Antitrust & Competition Policy Blog

Editor: D. Daniel Sokol
University of Florida
Levin College of Law

Thursday, February 11, 2021

Competition Law and Antitrust

Competition Law and Antitrust

David J. Gerber

  • Concise introduction to the complicated subject of competition or antitrust law
  • Book is structured in four sections that cover the elements of competition law, its targets, experiences, and globalization and the future of the field
  • Highlights the similarities and differences of competition law across jurisdictions including the US, Europe, Asia, and Latin America

Competition, or Antitrust, law is now a global phenomenon. It operates in more than 100 countries and the relationships among competition law systems are often complex and opaque. Competition law is also new to many countries, which creates uncertainty about how decisions will be made in these jurisdictions. This makes it critically important to understand both the similarities and differences among the systems and the relationships between them.

A succinct introduction, this title breaks down the complicated and foreboding topic of competition law. Divided into four parts, this book covers the elements of competition laws, its decisions, targets, and globalization and the future of competition law. It also provides global context by looking at competition law in the US, Europe, and growing markets like Asia and Latin America. This title covers the most pressing issues of competition law in an informative and concise way.

 

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Comments

David J. Gerber has endeavored and successfully written a global guide on competition or antitrust law, as is called differently in different jurisdictions. It certainly acts as a guide by giving a succinct introduction to a rather complicated subject. Having covered every aspect of competition law, including its elements, targets, and experiences, David has left no stone unturned. While flipping through the pages and paragraphs, it becomes clear that the simplification that the book offers breeds from the extensive knowledge and experience that David has in the field of competition law.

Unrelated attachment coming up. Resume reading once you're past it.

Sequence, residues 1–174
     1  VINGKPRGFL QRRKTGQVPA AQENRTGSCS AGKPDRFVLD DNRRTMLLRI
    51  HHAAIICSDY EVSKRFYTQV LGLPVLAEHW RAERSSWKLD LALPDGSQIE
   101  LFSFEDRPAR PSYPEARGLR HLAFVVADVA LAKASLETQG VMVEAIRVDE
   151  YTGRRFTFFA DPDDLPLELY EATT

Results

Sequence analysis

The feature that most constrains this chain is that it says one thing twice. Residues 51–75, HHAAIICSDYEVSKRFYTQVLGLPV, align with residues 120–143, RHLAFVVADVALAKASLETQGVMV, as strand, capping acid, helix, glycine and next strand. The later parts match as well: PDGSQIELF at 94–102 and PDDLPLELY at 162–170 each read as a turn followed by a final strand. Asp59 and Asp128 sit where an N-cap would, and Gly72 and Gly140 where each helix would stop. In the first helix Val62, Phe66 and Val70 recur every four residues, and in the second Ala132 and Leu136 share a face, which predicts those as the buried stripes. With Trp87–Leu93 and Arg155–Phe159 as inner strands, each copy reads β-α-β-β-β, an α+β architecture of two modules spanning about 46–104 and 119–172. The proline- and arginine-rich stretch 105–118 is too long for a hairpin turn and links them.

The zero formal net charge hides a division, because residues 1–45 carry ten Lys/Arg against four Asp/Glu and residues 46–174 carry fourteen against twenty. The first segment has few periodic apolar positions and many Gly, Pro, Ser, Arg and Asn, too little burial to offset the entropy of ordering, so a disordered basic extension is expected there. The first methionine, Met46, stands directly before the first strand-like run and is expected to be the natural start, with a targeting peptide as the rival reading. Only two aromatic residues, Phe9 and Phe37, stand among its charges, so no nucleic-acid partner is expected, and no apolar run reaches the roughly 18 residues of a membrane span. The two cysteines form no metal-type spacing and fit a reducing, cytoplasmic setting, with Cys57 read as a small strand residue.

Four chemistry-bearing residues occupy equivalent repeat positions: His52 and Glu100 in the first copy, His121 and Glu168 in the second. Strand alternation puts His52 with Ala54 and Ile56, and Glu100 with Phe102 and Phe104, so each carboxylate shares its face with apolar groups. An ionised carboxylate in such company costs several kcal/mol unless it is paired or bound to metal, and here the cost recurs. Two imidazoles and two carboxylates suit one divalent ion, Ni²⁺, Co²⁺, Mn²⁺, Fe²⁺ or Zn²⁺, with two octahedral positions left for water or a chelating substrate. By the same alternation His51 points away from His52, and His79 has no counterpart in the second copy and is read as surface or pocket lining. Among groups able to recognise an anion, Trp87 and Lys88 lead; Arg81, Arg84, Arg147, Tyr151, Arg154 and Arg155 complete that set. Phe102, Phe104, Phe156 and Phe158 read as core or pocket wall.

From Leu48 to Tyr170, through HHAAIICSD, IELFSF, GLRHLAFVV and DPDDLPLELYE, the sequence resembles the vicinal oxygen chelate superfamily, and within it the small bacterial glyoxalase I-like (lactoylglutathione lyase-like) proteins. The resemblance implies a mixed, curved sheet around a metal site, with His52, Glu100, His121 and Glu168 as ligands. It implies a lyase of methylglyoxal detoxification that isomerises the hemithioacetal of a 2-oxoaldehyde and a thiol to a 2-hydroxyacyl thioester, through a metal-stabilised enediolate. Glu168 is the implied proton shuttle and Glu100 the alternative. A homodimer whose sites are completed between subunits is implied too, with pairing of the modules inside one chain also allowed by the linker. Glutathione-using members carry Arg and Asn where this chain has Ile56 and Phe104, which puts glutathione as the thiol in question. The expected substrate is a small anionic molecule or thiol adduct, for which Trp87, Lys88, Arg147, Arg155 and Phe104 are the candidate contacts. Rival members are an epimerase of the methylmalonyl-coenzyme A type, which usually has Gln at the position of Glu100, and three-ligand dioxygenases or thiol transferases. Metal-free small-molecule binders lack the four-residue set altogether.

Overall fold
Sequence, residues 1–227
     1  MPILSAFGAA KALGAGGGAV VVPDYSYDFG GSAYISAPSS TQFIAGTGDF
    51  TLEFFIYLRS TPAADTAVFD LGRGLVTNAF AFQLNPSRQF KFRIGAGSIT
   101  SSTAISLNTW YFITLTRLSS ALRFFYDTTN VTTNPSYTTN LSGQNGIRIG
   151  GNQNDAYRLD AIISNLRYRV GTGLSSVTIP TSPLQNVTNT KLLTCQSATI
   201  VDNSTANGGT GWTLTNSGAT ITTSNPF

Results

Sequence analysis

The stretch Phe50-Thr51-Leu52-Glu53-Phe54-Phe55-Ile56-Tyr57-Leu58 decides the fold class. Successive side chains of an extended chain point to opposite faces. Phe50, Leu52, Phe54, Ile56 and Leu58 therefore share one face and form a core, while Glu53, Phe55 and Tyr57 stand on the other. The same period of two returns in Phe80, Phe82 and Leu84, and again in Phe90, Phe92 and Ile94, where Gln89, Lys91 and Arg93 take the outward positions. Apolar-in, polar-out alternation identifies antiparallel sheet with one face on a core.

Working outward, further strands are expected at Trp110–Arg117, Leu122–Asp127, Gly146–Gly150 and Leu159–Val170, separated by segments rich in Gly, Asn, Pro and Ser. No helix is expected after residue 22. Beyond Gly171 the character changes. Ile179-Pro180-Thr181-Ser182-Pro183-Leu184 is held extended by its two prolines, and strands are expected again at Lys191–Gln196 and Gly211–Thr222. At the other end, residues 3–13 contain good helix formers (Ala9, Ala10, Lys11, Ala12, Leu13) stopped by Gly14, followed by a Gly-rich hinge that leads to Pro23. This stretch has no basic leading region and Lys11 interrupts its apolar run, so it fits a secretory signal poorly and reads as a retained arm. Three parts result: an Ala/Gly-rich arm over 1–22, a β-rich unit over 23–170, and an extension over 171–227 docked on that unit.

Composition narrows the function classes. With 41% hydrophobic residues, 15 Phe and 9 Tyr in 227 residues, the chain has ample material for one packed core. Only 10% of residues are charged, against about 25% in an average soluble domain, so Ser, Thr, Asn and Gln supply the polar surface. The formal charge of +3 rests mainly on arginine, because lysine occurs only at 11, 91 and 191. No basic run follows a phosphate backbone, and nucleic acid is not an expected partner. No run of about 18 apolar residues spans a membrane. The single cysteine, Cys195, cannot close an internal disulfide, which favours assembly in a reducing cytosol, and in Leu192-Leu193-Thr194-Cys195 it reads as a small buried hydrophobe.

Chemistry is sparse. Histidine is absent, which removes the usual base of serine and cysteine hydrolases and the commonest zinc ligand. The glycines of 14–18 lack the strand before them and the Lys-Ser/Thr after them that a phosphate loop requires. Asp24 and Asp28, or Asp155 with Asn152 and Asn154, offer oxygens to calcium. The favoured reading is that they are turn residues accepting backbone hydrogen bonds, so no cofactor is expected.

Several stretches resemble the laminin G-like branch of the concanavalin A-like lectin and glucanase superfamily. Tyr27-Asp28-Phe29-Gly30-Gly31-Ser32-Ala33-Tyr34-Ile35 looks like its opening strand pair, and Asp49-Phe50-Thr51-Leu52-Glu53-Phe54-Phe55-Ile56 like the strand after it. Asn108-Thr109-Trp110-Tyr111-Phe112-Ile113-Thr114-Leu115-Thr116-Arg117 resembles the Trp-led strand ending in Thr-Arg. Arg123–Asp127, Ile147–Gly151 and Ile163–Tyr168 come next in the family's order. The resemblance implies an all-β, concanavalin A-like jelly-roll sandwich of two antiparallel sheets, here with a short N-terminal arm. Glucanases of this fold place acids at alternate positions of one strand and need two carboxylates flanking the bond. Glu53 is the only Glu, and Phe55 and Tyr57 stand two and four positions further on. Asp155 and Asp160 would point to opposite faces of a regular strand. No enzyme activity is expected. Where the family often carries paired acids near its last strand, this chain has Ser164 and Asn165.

The clear and simple writing by David reinforces the importance of writing for others and not yourself. As President William Taft had rightly said, “Do not write so that you can be understood. Write so that you cannot be misunderstood.” In that pursuit, the ‘global guide’ addresses a central problem to less adoptability of competition law – accessibility. Many people who could greatly benefit from understanding more about the subject, seldom do so, as they find it confusing and difficult. This guide acts as a bridge around these obstacles.

The book also ensures greater accessibility and relatability by highlighting the core elements of competition law and patterns of variations in different jurisdictions. By bringing into fore cases and policy implementations in different countries, David ensures a global and holistic understanding of the subject. Given the current global market and landscape, it is becoming increasingly important to view competition law globally, and not in silos within one country. Every decision by a national competition authority is in some ways or other influenced by decisions being taken by authorities elsewhere.

In a world which is more interconnected than ever, the need of the hour is for competition authorities to work together, share resources, and identify ways to maintain competition and innovation in the ‘global market’. Regulating the conduct of any company in one jurisdiction is no longer sufficient, given the impact of such conduct is not limited by borders and boundaries. David uses this thread and captures the dimensions of competition law today.

‘Competition Law and Antitrust: A Global Guide’ is a compelling read, for anyone who wants to know more, or know enough but want to get their train-thought going and ideate around the subject. There is no doubt that David brings a certain conceptual clarity and simplification to the table. But you know it is a good read, when the conciseness and succinctness of it, raises more questions than it answers.

David’s book raises various such questions which need to be answered for global markets to be better regulated. How do you define the relationship between a country and its market? What factors influence this relationship? Does politics overshadow the economic importance of this subject? How can competition law be used to combat income inequality? Is there a need to create a transborder legal framework to regulate global value chains? How to best regulate the evolving and digital markets whilst ensuring that both consumer and producer welfare is maximised?

David mentions in the Preface that his aim was to write a book which is ‘as condensed as good poetry and as insightful as good judicial decisions’ – we must commend him for having successfully achieved both.

--Pradeep Mehta and Sakhi Shah, CUTS International

Posted by: Sakhi Shah | Feb 28, 2021 9:35:00 PM

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